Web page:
- We will need a list of false positives to be able to remove these from further analysis. Otherwise, the same situation will be reviewed over and over again. If we make a difference between "just difference in drawing style" and "external data (Wegenregister) is wrong", then that same data is usable for external data managers to review their own dataset.
- Our mappers will focus on OSM quality first. But we could offer a package of services to local authorities to have an OSM-based validation of Wegenregister in their community. This would include training for civil servants, setting up specific tasks (Maproulette or Tasking manager) and helping out at a Mapathon where citizens are invited. This package should probably have a certain financial cost.
- Towards an Automated Comparison of OpenStreetMap with Authoritative Road Datasets, which also has a Github repository
- Quality assessment in Canada
Subproject: ensuring all official named roads are mapped at least once
A simplified approach: just check if all the official road names are on the OSM map at least somewhere. This detects both entirely missing roads and miss-spelled OSM roads.
- Select all named roads by community in OSM Flanders
- Select all named roads by community in Wegenregister Flanders
- If a named road in Wegenregister is not available in OSM:
- create a microtask for Maproulette fixing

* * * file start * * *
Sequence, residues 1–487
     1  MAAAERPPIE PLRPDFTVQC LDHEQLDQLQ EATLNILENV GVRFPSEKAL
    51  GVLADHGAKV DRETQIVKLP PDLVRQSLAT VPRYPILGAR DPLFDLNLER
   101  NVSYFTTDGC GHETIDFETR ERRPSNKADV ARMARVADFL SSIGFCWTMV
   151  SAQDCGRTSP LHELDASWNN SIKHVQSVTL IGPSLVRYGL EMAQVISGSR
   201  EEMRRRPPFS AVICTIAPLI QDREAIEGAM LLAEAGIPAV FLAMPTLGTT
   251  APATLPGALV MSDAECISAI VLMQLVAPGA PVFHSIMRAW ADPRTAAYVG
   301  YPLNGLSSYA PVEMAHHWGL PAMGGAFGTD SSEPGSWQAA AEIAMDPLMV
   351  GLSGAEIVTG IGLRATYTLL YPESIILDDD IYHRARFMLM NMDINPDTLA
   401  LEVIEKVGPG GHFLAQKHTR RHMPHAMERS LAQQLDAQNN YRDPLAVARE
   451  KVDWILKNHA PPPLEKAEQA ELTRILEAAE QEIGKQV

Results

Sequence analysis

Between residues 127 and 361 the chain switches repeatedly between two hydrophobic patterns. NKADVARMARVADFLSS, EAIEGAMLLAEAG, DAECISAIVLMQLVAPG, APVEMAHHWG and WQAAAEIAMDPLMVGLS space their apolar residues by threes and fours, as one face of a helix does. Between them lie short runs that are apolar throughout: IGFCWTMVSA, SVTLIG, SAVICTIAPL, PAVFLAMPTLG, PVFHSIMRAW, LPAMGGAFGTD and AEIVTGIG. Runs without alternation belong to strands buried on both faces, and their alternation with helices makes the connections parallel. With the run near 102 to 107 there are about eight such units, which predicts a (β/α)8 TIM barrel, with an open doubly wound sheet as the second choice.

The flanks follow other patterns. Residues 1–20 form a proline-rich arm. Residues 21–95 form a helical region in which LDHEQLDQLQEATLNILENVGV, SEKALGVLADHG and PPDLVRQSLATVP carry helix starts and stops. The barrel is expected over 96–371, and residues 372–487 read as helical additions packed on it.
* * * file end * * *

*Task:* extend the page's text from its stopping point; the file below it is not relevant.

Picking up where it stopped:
- create a dataset to feed a mapping layer
Note: sometimes, the name on the street sign might differ from the official road name. In gov logic, the official name is always correct. In OSM logic, the street sign is always correct. To allow for special cases like this, a tag indicating a different official name might be needed.
Offering services for OSM mappers
- Microtasking : Maproulette still has some issues. Here are some how-to's:
- Mappers can now leave a comment about the task (e.g. needs a survey, I looked at it from all angles and still don't get it, etc.). See issue https://github.com/maproulette/maproulette2/issues/314
- Extract GeoJSON of tasks with their current status: http://maproulette.org/api/v2/challenge/[task number here]/tasks?limit=-1
- You can talk to Maproulette with an API. Documentation is here: http://maproulette.org/docs/swagger-ui/index.html?url=/assets/swagger.json
- Fixed and false positives are still visible for all users. They can probably be removed and processed separately using the API.
- As long as there are tasks left in your challenge, you will cycle through tasks within that challenge. More details: https://github.com/maproulette/maproulette2/issues/341
This still needs resolving:
- Mark a task as "too hard" to group them for further analysis. However, not possible between "uh, I don't get it", and "needs a survey", except with Comments. The "Too hard" button is usually used to mark something as "unsolvable".
- You can add a custom background map, which is visible in the Maproulette interface. But it does not get passed on to the editor software. See Issue https://github.com/maproulette/maproulette2/issues/342. We've decided to consider that a feature, not a bug.